-Taking the telephone number of another man/woman and then making sure the abused finds out. Either mentioning it or putting the number where it can be found. 

-Telling the abused not to wear something (or wear their hair a certain way) because “only sluts do that” or “only people with no class do that” but then clearly showing attraction towards others who dress (or wear their hair) that same way.

-Making the abused think that they will/are being cheated on. “if you go to lunch with your friends then I’m going to have lunch with my own special friend”.
“If you go out with your friends tonight maybe I will have to do the same thing, or maybe I will just have a friend come by and keep me company”. 
“I’m having dinner with a friend”, and when asked who the friend is, the abuser says, “don’t worry about it. It’s a friend” (or something to that effect).
Coming home late at night the abuser is asked where they were and he/she says, “with a friend”.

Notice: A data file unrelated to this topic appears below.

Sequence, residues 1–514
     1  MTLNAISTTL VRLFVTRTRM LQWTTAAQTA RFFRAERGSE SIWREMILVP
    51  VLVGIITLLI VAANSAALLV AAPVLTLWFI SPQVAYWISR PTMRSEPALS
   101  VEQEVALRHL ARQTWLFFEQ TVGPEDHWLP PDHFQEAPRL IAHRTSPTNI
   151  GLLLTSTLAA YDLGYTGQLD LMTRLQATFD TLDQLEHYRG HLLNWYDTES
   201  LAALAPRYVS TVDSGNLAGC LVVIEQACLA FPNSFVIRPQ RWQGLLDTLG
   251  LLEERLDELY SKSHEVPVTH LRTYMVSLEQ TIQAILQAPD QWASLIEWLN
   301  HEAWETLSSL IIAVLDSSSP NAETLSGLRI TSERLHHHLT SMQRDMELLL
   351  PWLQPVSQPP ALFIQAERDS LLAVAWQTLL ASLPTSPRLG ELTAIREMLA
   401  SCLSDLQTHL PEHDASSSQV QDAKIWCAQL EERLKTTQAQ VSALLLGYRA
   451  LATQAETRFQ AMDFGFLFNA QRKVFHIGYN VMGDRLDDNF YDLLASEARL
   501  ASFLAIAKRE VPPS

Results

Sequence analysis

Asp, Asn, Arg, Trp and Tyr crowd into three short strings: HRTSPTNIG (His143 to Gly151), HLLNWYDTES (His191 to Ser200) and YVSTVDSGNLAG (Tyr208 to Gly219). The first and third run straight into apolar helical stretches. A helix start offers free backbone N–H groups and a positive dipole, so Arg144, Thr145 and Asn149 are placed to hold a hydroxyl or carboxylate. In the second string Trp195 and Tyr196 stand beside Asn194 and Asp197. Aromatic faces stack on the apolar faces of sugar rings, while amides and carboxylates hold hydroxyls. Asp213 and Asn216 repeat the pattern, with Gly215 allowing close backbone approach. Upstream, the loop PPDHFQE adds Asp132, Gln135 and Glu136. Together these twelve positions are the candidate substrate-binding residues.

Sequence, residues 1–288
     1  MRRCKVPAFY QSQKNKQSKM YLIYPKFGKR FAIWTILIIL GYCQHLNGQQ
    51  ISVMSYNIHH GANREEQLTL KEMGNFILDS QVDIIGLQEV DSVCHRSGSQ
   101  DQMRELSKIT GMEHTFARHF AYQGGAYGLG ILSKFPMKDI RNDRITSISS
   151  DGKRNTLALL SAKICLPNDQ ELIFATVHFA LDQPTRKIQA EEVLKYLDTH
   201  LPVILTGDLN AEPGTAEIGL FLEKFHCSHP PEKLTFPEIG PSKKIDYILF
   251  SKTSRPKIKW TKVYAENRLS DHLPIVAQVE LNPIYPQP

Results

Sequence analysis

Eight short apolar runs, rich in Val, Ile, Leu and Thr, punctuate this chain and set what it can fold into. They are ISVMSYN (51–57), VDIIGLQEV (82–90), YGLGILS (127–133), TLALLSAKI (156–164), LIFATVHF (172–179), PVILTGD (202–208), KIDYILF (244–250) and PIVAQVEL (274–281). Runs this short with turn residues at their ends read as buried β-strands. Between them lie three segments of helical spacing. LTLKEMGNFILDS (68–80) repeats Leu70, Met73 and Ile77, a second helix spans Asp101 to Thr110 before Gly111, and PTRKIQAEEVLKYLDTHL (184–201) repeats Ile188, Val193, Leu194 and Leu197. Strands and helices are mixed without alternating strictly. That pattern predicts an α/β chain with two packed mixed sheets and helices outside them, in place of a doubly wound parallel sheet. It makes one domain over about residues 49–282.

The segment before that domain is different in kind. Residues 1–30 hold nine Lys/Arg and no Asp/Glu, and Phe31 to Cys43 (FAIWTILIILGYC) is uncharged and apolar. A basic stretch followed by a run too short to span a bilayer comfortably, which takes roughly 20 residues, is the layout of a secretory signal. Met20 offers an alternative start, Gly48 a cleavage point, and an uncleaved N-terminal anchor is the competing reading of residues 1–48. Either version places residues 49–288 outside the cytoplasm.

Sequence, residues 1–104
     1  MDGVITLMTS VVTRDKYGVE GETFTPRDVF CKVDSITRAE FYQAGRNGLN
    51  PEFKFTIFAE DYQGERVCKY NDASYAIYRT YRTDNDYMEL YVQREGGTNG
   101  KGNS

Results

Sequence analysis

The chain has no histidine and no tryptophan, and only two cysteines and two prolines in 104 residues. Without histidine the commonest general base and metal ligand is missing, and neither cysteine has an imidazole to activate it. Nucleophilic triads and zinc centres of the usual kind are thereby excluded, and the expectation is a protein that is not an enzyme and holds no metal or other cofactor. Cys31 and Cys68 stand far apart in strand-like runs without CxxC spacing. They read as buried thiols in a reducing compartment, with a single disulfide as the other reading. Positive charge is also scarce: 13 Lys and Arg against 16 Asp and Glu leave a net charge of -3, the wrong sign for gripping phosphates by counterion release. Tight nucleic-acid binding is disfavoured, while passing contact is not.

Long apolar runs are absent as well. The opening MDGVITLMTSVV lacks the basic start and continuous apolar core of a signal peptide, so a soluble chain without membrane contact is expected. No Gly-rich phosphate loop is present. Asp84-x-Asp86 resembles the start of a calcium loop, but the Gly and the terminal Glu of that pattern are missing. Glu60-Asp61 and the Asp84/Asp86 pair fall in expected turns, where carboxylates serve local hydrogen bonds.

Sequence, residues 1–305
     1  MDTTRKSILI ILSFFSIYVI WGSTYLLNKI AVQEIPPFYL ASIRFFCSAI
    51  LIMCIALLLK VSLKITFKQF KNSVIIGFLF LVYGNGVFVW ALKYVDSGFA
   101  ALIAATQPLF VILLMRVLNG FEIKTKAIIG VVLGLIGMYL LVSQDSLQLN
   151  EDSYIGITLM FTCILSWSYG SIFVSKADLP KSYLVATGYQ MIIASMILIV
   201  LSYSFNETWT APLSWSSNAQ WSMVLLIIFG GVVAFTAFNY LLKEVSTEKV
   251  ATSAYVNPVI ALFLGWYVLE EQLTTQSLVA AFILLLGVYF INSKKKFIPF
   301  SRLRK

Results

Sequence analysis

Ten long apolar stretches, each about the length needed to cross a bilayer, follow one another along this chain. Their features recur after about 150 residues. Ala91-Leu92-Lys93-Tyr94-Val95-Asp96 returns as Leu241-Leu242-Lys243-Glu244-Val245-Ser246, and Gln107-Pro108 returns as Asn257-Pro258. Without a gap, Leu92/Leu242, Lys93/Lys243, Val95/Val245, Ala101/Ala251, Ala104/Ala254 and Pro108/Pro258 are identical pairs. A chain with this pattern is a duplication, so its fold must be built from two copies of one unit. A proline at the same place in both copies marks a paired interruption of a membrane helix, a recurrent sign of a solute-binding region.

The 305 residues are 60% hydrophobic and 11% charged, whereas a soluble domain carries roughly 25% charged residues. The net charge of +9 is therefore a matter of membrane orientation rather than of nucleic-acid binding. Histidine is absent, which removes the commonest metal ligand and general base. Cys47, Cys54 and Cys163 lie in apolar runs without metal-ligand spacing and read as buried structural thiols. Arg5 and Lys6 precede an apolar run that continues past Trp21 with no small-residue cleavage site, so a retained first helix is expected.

-Secretly or blatantly surfing the Internet for XXX-rated websites, calling adult hotlines, engaging other people in inappropriate conversations using the phone or Internet.

-Placing weapons nearby to send a message that “I will use this on you if you get out of line”. An example of this is a couple having an conversation that is turning into a disagreement (and possible argument) and one person grabs a belt, knife or gun and holds it in their hands (or sits it within arms reach on a nearby table) while talking. It can also be used to make the other person think that what they do or say will determine whether the abuser will attempt to commit suicide.

-Intimidating looks and posturing

Tomorrow we will pick up where we left off today. Yes, there are more forms of abuse other than the ones I shared today. I hope that you take the time to review this information again, check out the websites I have provided, and reflect on what you learn. If you or someone you know is suffering from abuse please contact the National Domestic Violence Hotline at 1-800-787-3224

Copyright 2010. Natasha L. Foreman 


National Domestic Violence Hotline  http://www.ndvh.org/